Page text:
ST. CLOUD (WJON News) - Bishop Neary is ready to celebrate not only his first Easter in St. Cloud but also his first as a Bishop. Since his ordination mass in February, Neary has been busy getting to know the details of his new job and the people of the diocese.

Looking back at the last year, he says he couldn’t have imagined the role he has now just a year ago. In fact, many of his close friends and co-workers probably knew about his consideration before he did. Last summer, several parish priests and office workers received a confidential questionnaire from the Papal office asking about Neary’s work ethic, values, and personality.

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Bishop Kettler, the previous Bishop of the St. Cloud Diocese, submitted his resignation on his 75th birthday, in accordance with the rules of the church, and has waited for the Pope to announce a replacement.

Bishop Neary says he thought the calls from the Apostolic Nuncio in Washington, D.C., were spam calls and blocked the number.

His Excellency Archbishop Christophe Pierre, the Apostolic Nuncio, eventually reached out to another bishop in Florida with ties to Neary to make contact.

His appointment was announced in Rome on December 15th, and he was ordained in St. Cloud on February 14th. He says it’s been a whirlwind few months.

St. Cloud is an amazing town. It reminds me of a town like South Bend, Indiana, almost the same size. But I'm amazed at how vibrant it is; how much retail is available. I like the look of it. I like the feel of it. I like that it's so close to St. John's University in Collegeville, the College of St. Benedict, the School of Theology, and even St. Cloud State.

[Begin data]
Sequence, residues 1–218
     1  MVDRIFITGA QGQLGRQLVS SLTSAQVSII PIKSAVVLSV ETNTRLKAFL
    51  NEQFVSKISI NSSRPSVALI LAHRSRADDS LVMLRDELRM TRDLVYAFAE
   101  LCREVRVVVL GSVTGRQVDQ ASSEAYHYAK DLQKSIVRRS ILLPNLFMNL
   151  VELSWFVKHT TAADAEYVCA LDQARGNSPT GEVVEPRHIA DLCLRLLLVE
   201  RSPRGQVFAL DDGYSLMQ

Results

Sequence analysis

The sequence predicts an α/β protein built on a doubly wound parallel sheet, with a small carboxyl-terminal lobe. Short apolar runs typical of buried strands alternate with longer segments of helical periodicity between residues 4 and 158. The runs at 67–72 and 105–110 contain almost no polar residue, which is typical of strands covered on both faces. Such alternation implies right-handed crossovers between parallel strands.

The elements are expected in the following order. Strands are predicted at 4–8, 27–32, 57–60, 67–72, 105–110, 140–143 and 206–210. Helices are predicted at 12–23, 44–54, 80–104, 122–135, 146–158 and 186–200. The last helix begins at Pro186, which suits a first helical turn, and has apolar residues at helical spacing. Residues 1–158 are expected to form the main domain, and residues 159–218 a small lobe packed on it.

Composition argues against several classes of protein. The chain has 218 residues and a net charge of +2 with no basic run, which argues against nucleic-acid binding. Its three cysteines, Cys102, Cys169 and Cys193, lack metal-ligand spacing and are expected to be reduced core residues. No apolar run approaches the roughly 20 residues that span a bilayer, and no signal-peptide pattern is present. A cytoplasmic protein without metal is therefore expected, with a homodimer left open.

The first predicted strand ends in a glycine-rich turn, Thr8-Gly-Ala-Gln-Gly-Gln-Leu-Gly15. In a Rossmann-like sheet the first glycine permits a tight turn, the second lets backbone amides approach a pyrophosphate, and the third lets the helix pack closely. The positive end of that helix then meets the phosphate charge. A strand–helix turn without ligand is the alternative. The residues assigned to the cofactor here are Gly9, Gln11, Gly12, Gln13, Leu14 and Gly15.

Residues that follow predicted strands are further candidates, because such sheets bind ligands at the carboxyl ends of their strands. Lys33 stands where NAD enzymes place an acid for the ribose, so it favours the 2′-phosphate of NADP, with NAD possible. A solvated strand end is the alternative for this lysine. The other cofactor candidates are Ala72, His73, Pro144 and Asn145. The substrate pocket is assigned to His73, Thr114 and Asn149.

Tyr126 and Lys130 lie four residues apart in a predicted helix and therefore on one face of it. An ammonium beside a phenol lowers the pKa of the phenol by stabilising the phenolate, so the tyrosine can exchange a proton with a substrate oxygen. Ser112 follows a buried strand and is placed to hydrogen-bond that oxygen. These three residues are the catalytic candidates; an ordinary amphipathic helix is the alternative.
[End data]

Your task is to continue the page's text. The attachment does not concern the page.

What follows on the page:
He says he’s most comfortable in the rural parts of the diocese.

I grew up in LaPorte, Indiana, which is about 22,000 people, mostly a town with factories and industry, but surrounded by farms. So a number of kids I went to school with in my grade school were farm kids. I'm familiar with the rural vibe, and I kind of like it. It's just more laid back. It's more rooted in nature and animals, and everything that goes into a farm. So I think there's something healthy about that. And so beautiful, that I love it.

A history major in college, he enjoys learning about the history of the small towns in the diocese. He has used fish fry’s as an excuse to visit parishes as far away as Fergus Falls.

Bishop Neary says he sees himself as the ‘face of the church’ in the area, but believes he’s been charged with stewarding the entire community, regardless of their faith.

So for me, can I put a positive face on the church, a friendly face, a welcoming, warm face, and be open to people of all faith traditions, I think that's one thing as a shepherd, not just of the Catholic Church, but in a sense, praying for the spiritual welfare of everyone in my diocese. I feel like a shepherd for all of them. I see myself in the sense of spiritual Shepherd, even of those who are not Catholic but live here. And that's just for me to pray for them and be concerned for their welfare and to stand up for their rights when they're violated. But I want to be a joyful face of the church for the community here.

Originally from La Porte, Indiana, Neary was previously the parish priest at Holy Redeemer Church in Portland, Oregon.



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